Rather than just aiming for one solid quit date, give yourself a time frame in which to quit. You might aim for a week or a month (you probably don’t want it to be too much longer). As I spoke about in another post, I knew that telling myself I’d quit on the 1st of January was a mistake. That time of year is still too relaxed and full of social activities, and that’s when I knew I’d find it difficult to quit. The possibility of falling off the wagon once or twice was also strong, so I decided I’d give myself until the end of January to be a non-smoker. This worked. On the 9th of January 2011 I had my last smoke.
Identify linked habits.
What do you do that is linked to your smoking habit? Is it something that you can give up or change, perhaps temporarily? I quit drinking at the same time as I quit smoking. The two often went together for me, so it would be much harder to stay off the smokes if I was having a beer or wine. Giving up drinking and smoking was effing hard, but it was easier than only giving up one at a time. I drank soda water from a wine glass to make it feel like I was still enjoying a special drink until I got used to not drinking. I stayed off the booze for about 9 months I think, and by the time I allowed myself to drink again, the association had been broken. By then I loved being a non-smoker.
Track and reward your progress.
Do something that will help you see and celebrate your success. I literally gave myself gold stars. I had some pretty, sparkly gold star stickers like these ones. It might seem like such a small thing, but I think it was one of the key drivers for me. The satisfaction of putting that sticker on the calendar at the end of the day was huge. And gradually, my calendar started to look SO FREAKIN’ PRETTY! It sparkled and glowed and congratulated me every time I walked past it.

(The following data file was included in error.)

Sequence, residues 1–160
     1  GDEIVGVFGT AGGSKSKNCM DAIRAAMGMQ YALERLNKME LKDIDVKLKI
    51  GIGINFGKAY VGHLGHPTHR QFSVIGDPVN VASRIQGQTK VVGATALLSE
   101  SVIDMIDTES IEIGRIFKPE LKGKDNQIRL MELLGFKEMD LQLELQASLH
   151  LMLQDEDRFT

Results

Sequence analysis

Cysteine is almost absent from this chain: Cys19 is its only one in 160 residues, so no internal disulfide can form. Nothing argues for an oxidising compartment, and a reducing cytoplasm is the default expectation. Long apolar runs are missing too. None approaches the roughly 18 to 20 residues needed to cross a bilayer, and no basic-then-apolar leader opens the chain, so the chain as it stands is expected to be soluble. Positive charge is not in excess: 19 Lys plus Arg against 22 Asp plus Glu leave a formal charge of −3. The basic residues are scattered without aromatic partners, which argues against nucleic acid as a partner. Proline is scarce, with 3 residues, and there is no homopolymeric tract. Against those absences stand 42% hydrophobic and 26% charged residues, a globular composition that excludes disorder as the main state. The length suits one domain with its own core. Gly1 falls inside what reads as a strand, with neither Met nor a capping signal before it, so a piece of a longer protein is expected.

Focus on a project.
Distraction is your friend!I focused on decluttering my house. With all this extra time on my hands, I needed something to keep me occupied. So I worked on going through each room in my house and getting rid of anything that was just clutter. Not only was my body starting to feel cleaner, but so was my house. Admittedly, in the early days I was such an emotional wreck from the withdrawals that I probably threw out more than I normally would. My thinking would have been along the lines of “If I can’t smoke, then what’s the point having all these things? Life is going to be miserable anyway – INTO THE BIN!!!” (It wasn’t my most rational period).